Groupoids
A groupoid is essentially a group, but one where the binary operation is not defined for all pairs of elements. That is, a groupoid is set G such that for all $g \in G$, there exist an inverse $g^{-1}$, together with a partial function $ \ast : G \times G \to G$ ($\ast$ is not necessarily a binary operation; it needn't be defined for all ordered pairs.) and with the following properties:
- Associativity: If $a * b$ and $b * c$ are defined, then $(a*b)*c=a*(b*c)$ is also defined
- Inverse: $a*a^{-1}=a^{-1}*a$ is always defined.
- Units: If $a*b$ is defined, then $a*b*b^{-1}=a$ and $a^{-1}*a*b=b$
While the above definition of a groupoid is familiar to one who has any experience with groups, it's sometimes more useful to think of it as a category: Let $G$ be a groupoid, and define $G^0$ to be the set of all elements of the form $g * g^{-1}$. Now let $x, y \in G^0$. If $f \in G$ is an element such that $y * f * x$ is defined, then we say $f \in G^1$ and $f: x \to y$.
In this case, it's not to hard to see that composition works: if we have $f:x \to y$ and $g:y \to z$, then $gf$ is defined and so is $z*gf*x$. Additionally, note that for every $x \in G^0$, the identity arrow $1_x$ is simply $x$. One oddity we have is that the inverse map $x * f^{-1} * y$ is defined (remember that since $x, y \in G^0$, we have $x=a*a^{-1}$ for some $a$, so that $x^{-1}=x$.) so that we have an inverse arrow $f^{-1} : y \to x$. Thus any groupoid can be considered as a category where all arrows have inverses.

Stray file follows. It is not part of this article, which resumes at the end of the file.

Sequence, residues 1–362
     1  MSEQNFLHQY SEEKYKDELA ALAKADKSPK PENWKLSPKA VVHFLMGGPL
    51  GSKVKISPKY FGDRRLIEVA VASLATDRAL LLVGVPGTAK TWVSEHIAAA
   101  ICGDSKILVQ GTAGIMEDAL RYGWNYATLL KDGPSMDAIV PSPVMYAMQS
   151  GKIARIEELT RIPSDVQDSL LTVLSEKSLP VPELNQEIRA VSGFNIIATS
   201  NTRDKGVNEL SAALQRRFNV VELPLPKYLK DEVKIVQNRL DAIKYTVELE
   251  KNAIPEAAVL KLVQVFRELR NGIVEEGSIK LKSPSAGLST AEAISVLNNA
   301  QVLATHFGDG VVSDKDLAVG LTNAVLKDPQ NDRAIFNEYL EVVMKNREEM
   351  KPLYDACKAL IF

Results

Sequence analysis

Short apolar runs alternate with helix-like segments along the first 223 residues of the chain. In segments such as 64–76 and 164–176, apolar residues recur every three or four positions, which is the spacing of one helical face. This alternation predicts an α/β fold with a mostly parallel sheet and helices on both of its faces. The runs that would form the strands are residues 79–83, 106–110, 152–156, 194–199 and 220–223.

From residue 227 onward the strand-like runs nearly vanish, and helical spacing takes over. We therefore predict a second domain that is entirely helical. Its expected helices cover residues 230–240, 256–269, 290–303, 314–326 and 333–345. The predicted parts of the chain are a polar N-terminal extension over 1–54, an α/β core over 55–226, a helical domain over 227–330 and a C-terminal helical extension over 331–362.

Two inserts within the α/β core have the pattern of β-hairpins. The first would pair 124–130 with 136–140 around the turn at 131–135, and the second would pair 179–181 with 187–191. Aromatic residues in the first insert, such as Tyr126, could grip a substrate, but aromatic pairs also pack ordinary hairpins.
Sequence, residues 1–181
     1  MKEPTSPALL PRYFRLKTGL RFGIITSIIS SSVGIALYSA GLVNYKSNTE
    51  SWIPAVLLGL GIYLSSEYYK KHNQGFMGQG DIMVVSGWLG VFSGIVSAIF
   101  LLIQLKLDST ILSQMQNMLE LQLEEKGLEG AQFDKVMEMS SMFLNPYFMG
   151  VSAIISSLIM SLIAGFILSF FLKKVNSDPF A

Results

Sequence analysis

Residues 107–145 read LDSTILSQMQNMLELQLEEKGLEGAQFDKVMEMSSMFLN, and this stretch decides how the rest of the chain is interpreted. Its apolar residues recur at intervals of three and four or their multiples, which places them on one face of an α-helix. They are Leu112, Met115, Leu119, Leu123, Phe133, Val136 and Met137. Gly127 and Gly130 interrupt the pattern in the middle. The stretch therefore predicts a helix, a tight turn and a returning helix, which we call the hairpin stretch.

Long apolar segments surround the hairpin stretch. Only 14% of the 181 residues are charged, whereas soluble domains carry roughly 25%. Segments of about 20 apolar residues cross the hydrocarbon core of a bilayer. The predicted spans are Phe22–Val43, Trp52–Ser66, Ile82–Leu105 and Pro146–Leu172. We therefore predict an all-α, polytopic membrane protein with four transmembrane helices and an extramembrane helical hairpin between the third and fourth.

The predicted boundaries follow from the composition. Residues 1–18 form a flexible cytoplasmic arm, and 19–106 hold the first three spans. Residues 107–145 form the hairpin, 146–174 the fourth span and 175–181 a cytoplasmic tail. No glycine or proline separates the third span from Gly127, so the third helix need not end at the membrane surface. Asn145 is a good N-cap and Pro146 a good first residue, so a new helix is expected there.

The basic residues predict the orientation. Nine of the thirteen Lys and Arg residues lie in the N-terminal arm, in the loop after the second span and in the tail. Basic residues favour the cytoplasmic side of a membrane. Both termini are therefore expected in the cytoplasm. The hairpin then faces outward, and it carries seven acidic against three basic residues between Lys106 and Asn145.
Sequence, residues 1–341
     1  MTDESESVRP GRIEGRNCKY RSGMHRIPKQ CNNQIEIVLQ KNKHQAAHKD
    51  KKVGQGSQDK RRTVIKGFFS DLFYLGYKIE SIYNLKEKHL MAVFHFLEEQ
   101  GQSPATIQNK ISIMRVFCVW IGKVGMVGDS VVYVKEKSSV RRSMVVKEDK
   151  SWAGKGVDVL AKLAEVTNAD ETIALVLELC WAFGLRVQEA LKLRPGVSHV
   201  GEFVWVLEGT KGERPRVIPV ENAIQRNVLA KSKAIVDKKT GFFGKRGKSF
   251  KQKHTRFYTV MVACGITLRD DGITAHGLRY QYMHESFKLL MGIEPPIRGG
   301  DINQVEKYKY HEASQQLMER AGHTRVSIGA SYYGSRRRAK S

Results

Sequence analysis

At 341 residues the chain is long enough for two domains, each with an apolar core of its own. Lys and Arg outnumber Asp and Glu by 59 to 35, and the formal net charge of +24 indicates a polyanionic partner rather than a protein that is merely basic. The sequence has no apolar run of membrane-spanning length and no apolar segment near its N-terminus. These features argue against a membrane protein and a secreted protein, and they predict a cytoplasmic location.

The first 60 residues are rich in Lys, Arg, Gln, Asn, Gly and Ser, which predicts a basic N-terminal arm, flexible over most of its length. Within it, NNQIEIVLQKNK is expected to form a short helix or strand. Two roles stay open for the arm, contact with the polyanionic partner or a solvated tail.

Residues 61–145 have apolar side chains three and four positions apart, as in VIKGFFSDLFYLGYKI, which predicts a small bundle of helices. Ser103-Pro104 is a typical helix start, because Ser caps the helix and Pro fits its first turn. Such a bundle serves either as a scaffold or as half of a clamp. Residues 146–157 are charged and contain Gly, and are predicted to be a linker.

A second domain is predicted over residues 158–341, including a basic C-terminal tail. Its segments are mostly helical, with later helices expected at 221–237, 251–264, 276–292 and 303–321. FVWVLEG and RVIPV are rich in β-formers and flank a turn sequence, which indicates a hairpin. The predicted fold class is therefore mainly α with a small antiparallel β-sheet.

Moreover, any category where all arrows have inverses is also a groupoid, so the two characterizations are actually equivalent definitions. Here's how: Given a groupoid $C$ in the category theoretic sense (id est, we have objects $C^0$ and arrows $C^{-1}$), we can denote all arrows $f: x \to y$ by $G(x,y)$. Let G be the disjoint union of all such $G(x,y)$. Then inverses are defined for all elements, and arrow composition because the partially defined groupoid operation.
Now lets take a groupoid $G$ (with objects, now called units $G^0$ and arrows/morphisms $G^{1}$). Recall the notation $G(x,y) = \{ f \in G^1 : f:x \to y. x,y \in G^0\}$. Let $x \in G^0$. Then $G(x,x)$ is a group (recall the example of a category of a group from earlier!) We call it the isotropy group at $x$ and denote it by $I_x$.
Before we continue, lets give an example. Let $GL(\mathbb{R})$ denote all the real invertible matrices under matrix multiplication. then $GL(\mathbb{R})^0$ is in bijective correspondence with the natural numbers, as for each natural number $n$ we have the corresponding $n \times n$ identity matrix. $G(n,m)$ is empty when $n \neq m$, but $G(n,n)$ is the general linear group $GL_n(\mathbb{R})$ of all $n \times n$ invertible matrices.
Finally, we say a groupoid $G$ is a topological groupoid when $G^0$ and $G^1$ are topological spaces, and all the corresponding maps on them (e.g. for $f \in G^1$ we have the domain $d(f)$, $d : G^1 \to G^0$, arrow composition $ \circ : G^1 \times G^1 \to G^1$, et cetera) must be continuous. Or equivalently, inversion and the groupoid operation must be continuous maps. A topological groupoid $G$ is said to be Étale if the domain map $d : G^1 \to G^0$ is a local homeomorphism (and thus all the other maps too), or equivalently, if inversion and the groupoid operation are local homeomorphism. Examples of these will come in the next post.
Sources
Noncommutative Geometry, Quantum Fields, Motives. Connes
Lectures on Arithmetic Noncommutative Geometry. Marcolli (the usual two)
A Homology Theory for Étale groupoids. Marius Crainic and Ieke Moerdijk
Abstract Algebra Dummit, Foote (appendix on category theory.)
Category Theory Steve Awodey
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